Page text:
Steely Dan

Walter Becker and Donald Fagen chilling in the lobby
Walter Becker & Donald Fagen

I grew up with this crew's music. Pops had all the albums, even Donald Fagen's solo record The Nightfly. Countdown To Ecstasy, The Royal Scam and Aja were in heavy rotation working on projects in the garage. I've still got distinct memories of Bodhisattva and Kid Charlemagne kicking off a hard day's work. I also remember hearing the radio announcement that they were coming to town in '94, with the duo back together for the first time in nearly 15 years. This the summer of Warren G's Regulate and its integral use the groove from frequent Dan collaborator Michael McDonald's I Keep Forgettin'. That was cool.

I was gutted to hear of Walter Becker's passing last year. Like Bowie, the duo seemed like they'd be around forever. I always thought I'd get the chance to see them play live after their triumphant comeback at the turn of the century, a time when they seemed to come to town with some regularity. Just goes to show you: don't put these things off! (Perhaps appropriately) this piece isn't terribly organized or in-depth, just a deeply personal selection of random access memories of these beatnik denizens residing comfortably at the interface of rock and jazz in singular fashion.

Steely Dan The Royal Scam ABC

I really came to Steely Dan's music around the turn of the century, when my brother Brian got into them in a big way. He was the skater getting down with the Purdie shuffle, knocking out a kickflip to The Caves Of Altamira. Around that time, we seemed to watch the great Aja documentary1 once a fortnight, in between movies like Tin Men, Scarface and The Good, The Bad And The Ugly, videos that I'd check out from the Clairemont Library (where I was working at the time).

Steely Dan Aja ABC

That's one of the great music documentaries ever, sidestepping the often gossipy tenor of the format and getting down to the nitty gritty of the music itself (images of Donald Fagen and Walter Becker hunched over the mixing desk, isolating tracks in playback!). The other highlight being giants like Wayne Shorter and Bernie Purdie showing up like it's no big deal. It dovetailed nicely with the era's studio experimentation with Snakes, our post-Slam/Keven Saunderson beats inspiring dreams of being the Steely Dan of techno(!)2 Santiago, innit.

Kruder & Dorfmeister DJ-Kicks Studio !K7

The thing with this music is that it made perfect sense in light of what I happened to be listening to anyway, current favorites like 4 Hero, Innerzone Orchestra, Erykah Badu and As One alongside the vintage sounds of Herbie Hancock, Sly Stone and Curtis Mayfield, music that I'd only recently begun to explore (now that I was finally making decent money working at the library!). Even slightly earlier, I remember hearing Karma's Look Up Dere — in the context of Kruder & Dorfmeister's DJ-Kicks — and clocking the sample from The Royal Scam. I used to listen to Jazzanova's remix anthology an awful lot too.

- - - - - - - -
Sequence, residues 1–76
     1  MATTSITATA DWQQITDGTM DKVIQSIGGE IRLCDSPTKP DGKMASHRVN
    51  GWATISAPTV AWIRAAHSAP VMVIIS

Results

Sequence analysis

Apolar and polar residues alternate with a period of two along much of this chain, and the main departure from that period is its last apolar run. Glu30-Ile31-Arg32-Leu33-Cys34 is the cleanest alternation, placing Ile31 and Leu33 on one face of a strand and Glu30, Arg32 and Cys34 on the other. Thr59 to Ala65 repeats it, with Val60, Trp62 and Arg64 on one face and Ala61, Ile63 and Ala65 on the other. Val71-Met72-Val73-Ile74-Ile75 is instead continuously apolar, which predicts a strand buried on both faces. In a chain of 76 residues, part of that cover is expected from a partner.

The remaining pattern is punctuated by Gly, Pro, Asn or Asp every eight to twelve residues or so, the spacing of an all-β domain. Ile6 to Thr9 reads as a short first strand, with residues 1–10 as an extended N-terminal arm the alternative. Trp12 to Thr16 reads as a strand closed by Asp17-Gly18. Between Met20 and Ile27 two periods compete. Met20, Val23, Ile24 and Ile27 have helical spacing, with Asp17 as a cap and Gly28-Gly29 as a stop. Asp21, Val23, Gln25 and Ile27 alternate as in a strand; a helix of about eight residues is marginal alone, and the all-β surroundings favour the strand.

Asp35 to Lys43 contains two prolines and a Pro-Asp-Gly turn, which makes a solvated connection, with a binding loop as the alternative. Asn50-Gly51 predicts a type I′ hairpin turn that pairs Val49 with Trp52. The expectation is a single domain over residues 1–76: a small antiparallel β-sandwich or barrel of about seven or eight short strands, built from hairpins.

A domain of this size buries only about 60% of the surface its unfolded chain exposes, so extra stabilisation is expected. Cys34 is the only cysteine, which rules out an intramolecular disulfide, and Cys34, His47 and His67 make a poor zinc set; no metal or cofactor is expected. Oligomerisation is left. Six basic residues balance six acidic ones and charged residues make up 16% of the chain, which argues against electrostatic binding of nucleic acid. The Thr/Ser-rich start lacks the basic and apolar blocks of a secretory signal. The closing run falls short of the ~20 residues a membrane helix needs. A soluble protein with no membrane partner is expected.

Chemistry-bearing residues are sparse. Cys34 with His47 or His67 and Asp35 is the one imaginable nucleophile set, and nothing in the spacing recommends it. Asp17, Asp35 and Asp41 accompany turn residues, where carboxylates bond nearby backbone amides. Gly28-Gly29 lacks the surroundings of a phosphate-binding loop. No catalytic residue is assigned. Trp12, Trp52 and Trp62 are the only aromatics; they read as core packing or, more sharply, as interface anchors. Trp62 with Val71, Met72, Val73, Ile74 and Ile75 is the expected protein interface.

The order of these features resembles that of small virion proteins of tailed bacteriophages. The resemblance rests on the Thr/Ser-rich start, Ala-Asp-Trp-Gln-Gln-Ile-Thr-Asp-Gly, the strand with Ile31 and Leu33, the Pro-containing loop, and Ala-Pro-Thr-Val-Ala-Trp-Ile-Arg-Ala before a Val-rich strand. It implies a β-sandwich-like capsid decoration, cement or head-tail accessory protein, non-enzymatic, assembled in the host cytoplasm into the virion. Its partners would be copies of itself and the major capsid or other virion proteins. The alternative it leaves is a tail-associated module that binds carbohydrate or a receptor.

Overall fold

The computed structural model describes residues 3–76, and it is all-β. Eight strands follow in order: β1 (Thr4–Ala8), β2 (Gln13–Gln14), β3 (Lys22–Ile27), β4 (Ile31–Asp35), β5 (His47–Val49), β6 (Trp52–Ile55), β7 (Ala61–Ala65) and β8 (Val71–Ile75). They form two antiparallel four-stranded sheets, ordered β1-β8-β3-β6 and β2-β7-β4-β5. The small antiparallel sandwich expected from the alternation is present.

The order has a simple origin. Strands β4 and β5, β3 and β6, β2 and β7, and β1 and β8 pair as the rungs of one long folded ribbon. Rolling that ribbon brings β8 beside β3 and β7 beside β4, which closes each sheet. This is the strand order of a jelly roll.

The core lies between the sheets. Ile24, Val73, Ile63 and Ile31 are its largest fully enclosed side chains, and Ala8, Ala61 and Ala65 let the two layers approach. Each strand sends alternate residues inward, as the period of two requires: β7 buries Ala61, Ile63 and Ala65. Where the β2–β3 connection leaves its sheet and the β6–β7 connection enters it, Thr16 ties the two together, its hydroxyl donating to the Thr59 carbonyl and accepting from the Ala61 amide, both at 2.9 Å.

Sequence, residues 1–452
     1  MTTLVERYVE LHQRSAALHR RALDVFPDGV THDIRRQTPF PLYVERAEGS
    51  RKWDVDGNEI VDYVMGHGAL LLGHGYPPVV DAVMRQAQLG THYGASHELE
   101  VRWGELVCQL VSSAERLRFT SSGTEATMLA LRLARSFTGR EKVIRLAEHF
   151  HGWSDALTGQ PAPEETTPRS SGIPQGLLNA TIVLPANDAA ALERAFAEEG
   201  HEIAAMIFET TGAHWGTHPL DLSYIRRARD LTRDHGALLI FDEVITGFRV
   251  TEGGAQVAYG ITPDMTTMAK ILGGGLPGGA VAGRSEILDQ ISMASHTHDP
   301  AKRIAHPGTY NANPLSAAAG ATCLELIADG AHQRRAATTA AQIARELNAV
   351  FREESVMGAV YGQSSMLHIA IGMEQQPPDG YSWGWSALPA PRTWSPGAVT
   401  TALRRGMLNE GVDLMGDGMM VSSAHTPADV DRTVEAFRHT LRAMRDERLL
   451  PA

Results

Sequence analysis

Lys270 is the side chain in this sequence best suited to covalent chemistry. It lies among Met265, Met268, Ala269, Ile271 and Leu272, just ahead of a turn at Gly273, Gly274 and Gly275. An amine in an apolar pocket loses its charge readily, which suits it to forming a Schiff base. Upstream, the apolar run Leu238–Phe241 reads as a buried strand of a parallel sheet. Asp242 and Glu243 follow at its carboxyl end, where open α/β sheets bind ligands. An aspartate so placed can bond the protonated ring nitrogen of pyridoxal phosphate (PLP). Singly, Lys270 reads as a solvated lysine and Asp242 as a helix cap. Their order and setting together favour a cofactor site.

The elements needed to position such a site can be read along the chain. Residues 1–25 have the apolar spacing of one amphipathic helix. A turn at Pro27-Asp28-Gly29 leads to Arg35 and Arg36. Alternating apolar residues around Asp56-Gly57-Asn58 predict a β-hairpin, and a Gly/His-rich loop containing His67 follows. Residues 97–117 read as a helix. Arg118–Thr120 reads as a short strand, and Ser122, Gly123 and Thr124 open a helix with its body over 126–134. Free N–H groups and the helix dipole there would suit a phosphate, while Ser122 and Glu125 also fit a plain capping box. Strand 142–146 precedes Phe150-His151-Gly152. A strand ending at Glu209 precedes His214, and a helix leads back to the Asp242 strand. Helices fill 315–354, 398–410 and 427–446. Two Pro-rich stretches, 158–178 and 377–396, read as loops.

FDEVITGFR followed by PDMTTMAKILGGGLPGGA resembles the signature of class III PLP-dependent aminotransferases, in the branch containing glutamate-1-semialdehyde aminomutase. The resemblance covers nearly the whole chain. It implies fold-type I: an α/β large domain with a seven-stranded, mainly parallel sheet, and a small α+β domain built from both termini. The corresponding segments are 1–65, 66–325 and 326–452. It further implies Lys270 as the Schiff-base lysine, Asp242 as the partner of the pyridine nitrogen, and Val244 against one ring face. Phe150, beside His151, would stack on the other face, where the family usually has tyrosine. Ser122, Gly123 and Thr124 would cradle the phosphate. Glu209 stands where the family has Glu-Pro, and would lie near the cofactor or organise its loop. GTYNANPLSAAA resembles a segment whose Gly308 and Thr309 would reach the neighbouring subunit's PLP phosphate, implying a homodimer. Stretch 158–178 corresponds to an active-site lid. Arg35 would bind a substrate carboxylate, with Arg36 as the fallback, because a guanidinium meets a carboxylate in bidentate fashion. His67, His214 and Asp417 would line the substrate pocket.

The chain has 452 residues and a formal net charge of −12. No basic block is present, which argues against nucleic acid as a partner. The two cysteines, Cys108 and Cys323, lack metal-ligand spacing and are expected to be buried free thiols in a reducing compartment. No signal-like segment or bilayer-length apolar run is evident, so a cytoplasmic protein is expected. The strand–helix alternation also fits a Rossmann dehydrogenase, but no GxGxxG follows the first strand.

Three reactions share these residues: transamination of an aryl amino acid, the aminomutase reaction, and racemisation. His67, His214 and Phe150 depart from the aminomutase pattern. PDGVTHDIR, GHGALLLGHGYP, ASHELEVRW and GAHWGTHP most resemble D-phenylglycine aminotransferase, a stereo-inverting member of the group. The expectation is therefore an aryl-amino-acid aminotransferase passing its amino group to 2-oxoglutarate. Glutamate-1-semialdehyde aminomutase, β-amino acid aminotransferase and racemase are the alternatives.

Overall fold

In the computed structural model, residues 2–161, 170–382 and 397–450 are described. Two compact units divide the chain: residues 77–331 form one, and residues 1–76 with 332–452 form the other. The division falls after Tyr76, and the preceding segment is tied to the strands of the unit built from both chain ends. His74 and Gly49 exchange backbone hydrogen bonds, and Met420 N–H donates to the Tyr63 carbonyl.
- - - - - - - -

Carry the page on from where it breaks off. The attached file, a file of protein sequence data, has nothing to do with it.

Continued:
Steely Dan Countdown To Ecstasy ABC

My brother had all the albums so, due to that brotherly policy where you don't double up on albums the other one owns (since you can just borrow them down the hall),3 I didn't pick them up until a bit later. I remember the exact occasion like it was yesterday too: a young lady canceled a date with me the hour before, and rather than get all melancholy over the fact, I made a beeline for the Sports Arena Tower Records. My thinking being, hey, why not just spend the date money on records instead? Which of course turned it into a win/win situation in an instant!

Bryan Ferry Another Time, Another Place Island

I ended up scoring the bulk of both the Steely Dan and Bryan Ferry back catalogs (on sale, no less!), and then spent the rest of the day down at Mission Beach listening to them. I used to keep a beach chair stashed in my truck for just such occasions. Memories of the summer sun setting over the Pacific Ocean to the strains of Deacon Blues. Languid and bittersweet, and so on and so forth. That turned out to be a pretty good day.